They tell us that there are leaders and then there are followers, so you should be a leader. We begin to hear this message in childhood until we have proven ourselves worthy of college or snagged a great job. The drill goes something like this: fake it till you make it. But nobody has taught us about what good leadership is and is not. We can have well-trained social engineers who manipulate us for personal gain, but is that best for all of us? Some personal observation of government dysfunction may answer that question best.
Take a look at this Smithsonian Magazine article entitled The Pros to Being a Psychopath by Amy Crawford. It discusses the research of Kevin Dutton, Research psychologist at the University of Oxford. The premise is that properly channeled psychopathic traits may help transform people into skilled professionals and leaders. Aren’t psychopaths currently drawn towards career paths that allow them to exercise their natural urges through socially acceptable roles? The Good Psychopath you consider why your dentist chose his or her profession. It will also offer up some insight into what might be done with that one percent of the Canadian population claimed by renowned psychopathy expert Dr. Robert Hare’s research to be the Psychopath’s Among Us.
At the same time, it makes sense that we instill values of positive leadership into our youth. They will need more positive role models and less negative ones, and their parents should obviously be at the top of that list. We need to guide them into positive and equality-based relationships with siblings and peers. They must build their own moral code, but we can help shape it by having our own moral code. The values we deem important matter too: we should put more weight on ideals such as respect, honesty, cooperation, empathy, and optimism. Achievement for the sake of success will need to focus less on the “ends” and more on the “means” to promote internalization of positive motivation vs. negative competition.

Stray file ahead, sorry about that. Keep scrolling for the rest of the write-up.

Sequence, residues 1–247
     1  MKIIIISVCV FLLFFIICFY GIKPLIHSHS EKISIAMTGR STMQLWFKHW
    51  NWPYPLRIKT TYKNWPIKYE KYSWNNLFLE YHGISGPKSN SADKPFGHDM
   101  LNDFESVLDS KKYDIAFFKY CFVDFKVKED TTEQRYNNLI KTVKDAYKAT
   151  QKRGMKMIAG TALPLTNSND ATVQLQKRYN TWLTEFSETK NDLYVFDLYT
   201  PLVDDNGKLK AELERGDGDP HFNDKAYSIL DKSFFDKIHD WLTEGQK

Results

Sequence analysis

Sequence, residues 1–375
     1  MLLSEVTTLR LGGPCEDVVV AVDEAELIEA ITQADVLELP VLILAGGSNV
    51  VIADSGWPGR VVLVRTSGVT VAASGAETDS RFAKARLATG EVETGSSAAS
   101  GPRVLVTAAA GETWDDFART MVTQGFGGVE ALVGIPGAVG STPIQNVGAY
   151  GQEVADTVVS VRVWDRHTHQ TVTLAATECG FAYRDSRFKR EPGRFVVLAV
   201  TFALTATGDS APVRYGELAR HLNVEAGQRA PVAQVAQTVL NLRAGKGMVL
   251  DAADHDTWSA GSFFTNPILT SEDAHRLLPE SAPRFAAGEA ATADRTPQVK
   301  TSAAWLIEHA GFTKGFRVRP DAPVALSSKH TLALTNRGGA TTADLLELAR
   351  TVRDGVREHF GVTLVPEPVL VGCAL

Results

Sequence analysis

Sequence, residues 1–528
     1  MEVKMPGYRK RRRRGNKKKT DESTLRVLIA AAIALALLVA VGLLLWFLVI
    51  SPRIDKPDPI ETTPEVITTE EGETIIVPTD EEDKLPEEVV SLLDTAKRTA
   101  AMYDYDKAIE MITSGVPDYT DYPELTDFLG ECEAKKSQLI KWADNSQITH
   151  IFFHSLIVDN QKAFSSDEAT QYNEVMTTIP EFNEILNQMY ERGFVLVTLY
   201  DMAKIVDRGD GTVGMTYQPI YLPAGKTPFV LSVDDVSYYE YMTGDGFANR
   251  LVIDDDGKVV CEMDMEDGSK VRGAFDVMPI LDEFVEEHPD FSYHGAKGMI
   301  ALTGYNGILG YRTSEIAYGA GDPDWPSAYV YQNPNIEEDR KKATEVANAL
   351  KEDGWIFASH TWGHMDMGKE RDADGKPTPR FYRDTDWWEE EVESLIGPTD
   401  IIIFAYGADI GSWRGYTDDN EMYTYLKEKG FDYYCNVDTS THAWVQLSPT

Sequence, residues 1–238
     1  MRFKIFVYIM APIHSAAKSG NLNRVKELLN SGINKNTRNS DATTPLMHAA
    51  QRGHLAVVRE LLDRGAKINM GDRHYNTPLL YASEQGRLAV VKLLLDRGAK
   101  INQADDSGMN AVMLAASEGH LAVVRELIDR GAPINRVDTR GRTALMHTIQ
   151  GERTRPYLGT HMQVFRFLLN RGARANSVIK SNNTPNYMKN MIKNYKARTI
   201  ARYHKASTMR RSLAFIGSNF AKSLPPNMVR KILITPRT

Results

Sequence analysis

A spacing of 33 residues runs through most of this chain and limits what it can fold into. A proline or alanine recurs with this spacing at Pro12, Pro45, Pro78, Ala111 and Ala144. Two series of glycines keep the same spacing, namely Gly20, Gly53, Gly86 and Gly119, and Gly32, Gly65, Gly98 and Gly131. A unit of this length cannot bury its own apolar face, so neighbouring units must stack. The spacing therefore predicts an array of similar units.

In short, we are seeing imbalances of power at an increasingly higher rate than we have in decades, and that is not good for anybody. Perhaps it is time to redefine “success” as something you do for social benefit rather than for yourself. Some would label this “servant leadership,” because leaders are not our bosses – they serve as an inspiration for all of us.